Winter hasn’t hit with its full force yet, but we’re already thinking where to spend next summer: in Italy’s ‘green heart’ of Umbria.

Occupying the site of a medieval bastion in Spello – and incorporating the ruins of an early Roman settlement into its foundations – Palazzo della Torre comprises a 17th-century building, two outbuildings and a small annexe spanning 14,230 sq ft.

The main palazzo is spread over four floors, each level with its own bathroom and kitchen. The building has been adapted and restored several times since its construction in 1602, most significantly in the 1920s when the villa was sold to engineer Filippo Preziosi.

Photography courtesy of Unique Dwellings

He set about structurally restoring the property and updating its interiors, commissioning artist Ugo Scaramucci and interior designer Giovanni Tucci to paint a frieze depicting the history of music in the building’s vaults in 1924.

In recent decades, the property has been completely restored to its former glory, including the ornate fresco ceilings in the reception room and bedrooms – of which there are nine, as well as four kitchens and six bathrooms in the palazzo. Modern decorative additions have been kept to a minimum, allowing the ceilings’ elaborate friezes do the talking.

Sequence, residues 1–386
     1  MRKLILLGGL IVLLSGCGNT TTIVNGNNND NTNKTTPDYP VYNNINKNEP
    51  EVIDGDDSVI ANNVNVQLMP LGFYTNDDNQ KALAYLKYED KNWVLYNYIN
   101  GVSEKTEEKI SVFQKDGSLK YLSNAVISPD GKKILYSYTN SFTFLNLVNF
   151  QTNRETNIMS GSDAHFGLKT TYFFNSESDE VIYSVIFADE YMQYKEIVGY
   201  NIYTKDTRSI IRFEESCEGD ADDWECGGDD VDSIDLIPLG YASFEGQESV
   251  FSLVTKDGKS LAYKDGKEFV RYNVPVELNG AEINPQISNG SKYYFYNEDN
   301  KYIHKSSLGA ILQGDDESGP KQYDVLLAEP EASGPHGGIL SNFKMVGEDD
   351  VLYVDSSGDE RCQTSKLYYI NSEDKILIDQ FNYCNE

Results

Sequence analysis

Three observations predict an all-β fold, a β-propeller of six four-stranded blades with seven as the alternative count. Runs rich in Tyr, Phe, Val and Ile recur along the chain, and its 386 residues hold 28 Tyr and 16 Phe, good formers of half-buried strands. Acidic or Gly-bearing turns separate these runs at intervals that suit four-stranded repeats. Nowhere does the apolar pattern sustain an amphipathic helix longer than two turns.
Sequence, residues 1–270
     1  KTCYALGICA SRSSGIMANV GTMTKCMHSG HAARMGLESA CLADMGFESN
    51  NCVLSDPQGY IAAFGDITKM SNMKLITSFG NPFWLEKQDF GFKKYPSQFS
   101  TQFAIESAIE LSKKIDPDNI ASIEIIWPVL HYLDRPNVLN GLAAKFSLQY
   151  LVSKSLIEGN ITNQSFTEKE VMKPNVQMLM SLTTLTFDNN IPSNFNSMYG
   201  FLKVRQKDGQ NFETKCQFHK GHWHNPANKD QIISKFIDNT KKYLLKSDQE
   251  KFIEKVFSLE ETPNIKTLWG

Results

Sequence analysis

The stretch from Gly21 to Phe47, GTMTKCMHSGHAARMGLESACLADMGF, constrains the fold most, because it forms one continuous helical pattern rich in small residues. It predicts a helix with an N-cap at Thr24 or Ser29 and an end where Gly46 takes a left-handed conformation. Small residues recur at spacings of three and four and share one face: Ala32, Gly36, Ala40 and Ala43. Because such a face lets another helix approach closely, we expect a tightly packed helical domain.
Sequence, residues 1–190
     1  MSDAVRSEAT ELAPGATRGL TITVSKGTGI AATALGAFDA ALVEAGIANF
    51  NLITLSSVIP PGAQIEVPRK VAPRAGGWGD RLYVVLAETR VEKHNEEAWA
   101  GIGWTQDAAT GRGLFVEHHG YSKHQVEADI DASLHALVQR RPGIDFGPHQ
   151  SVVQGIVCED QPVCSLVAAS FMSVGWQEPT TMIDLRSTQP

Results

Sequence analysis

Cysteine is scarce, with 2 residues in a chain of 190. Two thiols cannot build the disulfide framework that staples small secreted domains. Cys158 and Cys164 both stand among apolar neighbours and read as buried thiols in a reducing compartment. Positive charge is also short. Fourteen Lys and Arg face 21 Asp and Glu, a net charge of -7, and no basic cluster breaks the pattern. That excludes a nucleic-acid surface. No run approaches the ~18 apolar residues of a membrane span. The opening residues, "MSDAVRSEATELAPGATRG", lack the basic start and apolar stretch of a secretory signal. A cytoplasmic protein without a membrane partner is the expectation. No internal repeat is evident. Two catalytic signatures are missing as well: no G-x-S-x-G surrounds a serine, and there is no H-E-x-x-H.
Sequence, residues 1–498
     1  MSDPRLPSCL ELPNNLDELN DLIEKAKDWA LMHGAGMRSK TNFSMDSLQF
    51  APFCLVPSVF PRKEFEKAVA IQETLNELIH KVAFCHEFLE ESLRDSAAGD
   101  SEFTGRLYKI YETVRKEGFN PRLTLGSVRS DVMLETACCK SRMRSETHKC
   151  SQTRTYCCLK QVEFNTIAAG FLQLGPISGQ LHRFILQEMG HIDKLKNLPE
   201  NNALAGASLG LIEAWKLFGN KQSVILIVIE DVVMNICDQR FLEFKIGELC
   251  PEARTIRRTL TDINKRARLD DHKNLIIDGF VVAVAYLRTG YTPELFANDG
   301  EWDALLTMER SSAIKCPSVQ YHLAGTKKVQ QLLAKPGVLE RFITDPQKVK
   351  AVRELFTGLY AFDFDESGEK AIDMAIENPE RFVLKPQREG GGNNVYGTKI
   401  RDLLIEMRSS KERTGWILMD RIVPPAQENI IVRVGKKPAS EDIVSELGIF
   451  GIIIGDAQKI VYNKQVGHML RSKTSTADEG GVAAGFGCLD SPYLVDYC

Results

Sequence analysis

Photography courtesy of Unique Dwellings

Space is not in short supply at Palazzo della Torre, thanks to its grand proportions, high ceilings and plethora of utility rooms, workshops, studies and storage rooms. There’s even a chapel on site.

Beyond the main palazzo, a two-storey outhouse has been converted into a garage/studio space and a two-bedroom apartment, complete with kitchen and family bath (ideal for guests). A second outhouse holds a semi-converted one-bedroom flat.

And if you fancy getting your hands dirty and leaving your own mark, the annexe – intended to store equipment for the split-level gardens and orangery, which cover 37,674 sq ft – is ripe for renovation as a garden snug or studio space.

Palazzo della Torre is on the market via Unique Dwellings and is a steal at €2.8m.



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